9 in 10 uni graduates are employed full time.1
Uni grads earn 15-20% more than those without a degree.2
Deakin postgraduates earn 36% more than undergraduates.3
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Like many people at the end of this year, you’re probably feeling a little flustered by the idea that you haven’t achieved everything you thought you would.
In spite of this, you make big plans to ring in the next 365 days and wave goodbye to the year that was. Maybe you’ll go to a house party with friends, or attend an organised function that is promised to be the best New Year’s Eve celebration in the city. Either way, you’re sure that whatever you do, it’s going to be spectacular.
So why is it that once the clock strikes midnight and the party’s over, you feel like the whole celebration was a bit of a let-down? We spoke to happiness expert and psychologist Dr Melissa Weinberg from Deakin University’s School of Psychology, to get to the bottom of this annual dilemma.
Remember when you were a kid and your mum and dad let you stay up late because it was New Year’s Eve? It was the one night of the year that you were allowed to ignore your regular bedtime and celebrate with the grown-ups. But what does it mean now that you’re old enough to dictate your own bedtime?
For many, the marking of the New Year means the turning of a new leaf and an opportunity for change. As Dr Weinberg explains, ‘New Year’s Eve represents the closing of a chapter and the beginning of a new one. It is a time to reflect on the year that has passed and sets a marker for comparison of how our life has changed over the past 12 months.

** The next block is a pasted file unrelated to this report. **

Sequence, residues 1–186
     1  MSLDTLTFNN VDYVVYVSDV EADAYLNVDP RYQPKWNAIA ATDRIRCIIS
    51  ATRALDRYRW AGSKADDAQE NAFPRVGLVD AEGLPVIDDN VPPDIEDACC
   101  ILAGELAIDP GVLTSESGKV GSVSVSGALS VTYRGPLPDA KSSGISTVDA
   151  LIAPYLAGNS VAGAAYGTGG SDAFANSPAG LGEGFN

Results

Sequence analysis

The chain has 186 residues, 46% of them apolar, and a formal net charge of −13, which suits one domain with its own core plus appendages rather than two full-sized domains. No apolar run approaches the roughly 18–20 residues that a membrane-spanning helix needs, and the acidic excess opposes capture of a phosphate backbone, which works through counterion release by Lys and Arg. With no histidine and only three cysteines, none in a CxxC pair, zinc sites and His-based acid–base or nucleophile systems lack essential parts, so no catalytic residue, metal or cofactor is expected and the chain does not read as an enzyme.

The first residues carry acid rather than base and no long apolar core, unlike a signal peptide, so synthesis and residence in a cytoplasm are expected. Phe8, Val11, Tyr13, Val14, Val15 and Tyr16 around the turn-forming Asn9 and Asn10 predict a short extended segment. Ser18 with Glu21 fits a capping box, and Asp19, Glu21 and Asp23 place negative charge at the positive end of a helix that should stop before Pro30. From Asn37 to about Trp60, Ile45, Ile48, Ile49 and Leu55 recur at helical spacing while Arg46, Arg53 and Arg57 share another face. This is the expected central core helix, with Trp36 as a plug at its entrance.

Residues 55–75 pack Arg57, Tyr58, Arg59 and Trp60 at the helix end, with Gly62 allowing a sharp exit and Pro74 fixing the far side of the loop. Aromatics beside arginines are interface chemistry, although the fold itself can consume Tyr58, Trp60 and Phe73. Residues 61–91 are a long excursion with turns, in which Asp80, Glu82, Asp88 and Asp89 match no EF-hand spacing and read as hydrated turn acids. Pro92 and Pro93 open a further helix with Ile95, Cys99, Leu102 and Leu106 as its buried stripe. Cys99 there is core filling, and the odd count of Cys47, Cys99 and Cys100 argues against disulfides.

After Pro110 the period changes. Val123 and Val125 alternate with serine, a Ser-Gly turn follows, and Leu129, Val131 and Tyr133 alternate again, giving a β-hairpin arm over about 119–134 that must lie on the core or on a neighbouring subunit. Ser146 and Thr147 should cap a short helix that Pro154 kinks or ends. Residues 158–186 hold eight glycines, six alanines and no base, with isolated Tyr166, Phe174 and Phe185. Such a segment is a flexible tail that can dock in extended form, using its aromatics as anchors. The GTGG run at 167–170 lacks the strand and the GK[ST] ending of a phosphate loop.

‘At the same time, it’s an opportunity to wipe the slate clean and start anew with the turn of the year, which is why many adopt a New Year’s resolution to mark a fresh start.’
But as the years go by, the excitement and anticipation you felt when you were younger fades, and for many, New Year’s Eve celebrations just begin to feel like any other night.
'There’s often a big build up to New Year’s Eve (particularly after Christmas) and then at five minutes past midnight it’s all back to usual.'
Dr Melissa Weinberg,
It may just be that with age comes wisdom, but coming to terms with the reality of how the night will end is also part of the process of growing older.
As Dr Weinberg explains: ‘In the same way that birthdays are more exciting when you’re younger and the hype fades with age, New Year’s Eve seems like a bigger deal than it is when we’re small because they stand out more as annual cause for celebration.’
Despite this, a big red circle remains marked around 31 December in our social calendars every year with expectations still set high. We may feel the excitement less as we get older, but perhaps we are hopeful that things will be different the next time round.
Dr Weinberg thinks that the reason for this feeling of disappointment is down to the matter of anticipation versus reality.
‘Quite simply we’re not very good at predicting what will make us happy. Because we associate New Year’s Eve with celebrations, parties and fireworks, if it turns out to be a night just like all others, our experience doesn’t match our expectations and we feel let down,’ she says.
Dr Weinberg also explains how the excitement is often in the anticipation of the event rather than the actual celebration. ‘There’s often a big build up to New Year’s Eve (particularly after Christmas) and then at five minutes past midnight it’s all back to usual.’
If you’re still determined to make the next New Year’s Eve celebrations your best one yet, consider your approach to how you plan the evening. For many people, much of their disappointment has to do with a lack of planning and decision-making.
Instead, get your friends together early to decide on your plans and create your own fun. Consider changing what you do; rather than seeking out a party full of people you hardly know, why not try a smaller gathering with a few close friends?
The options are endless but one thing remains clear: how likely it is your expectations will be met depends on how high you set them.
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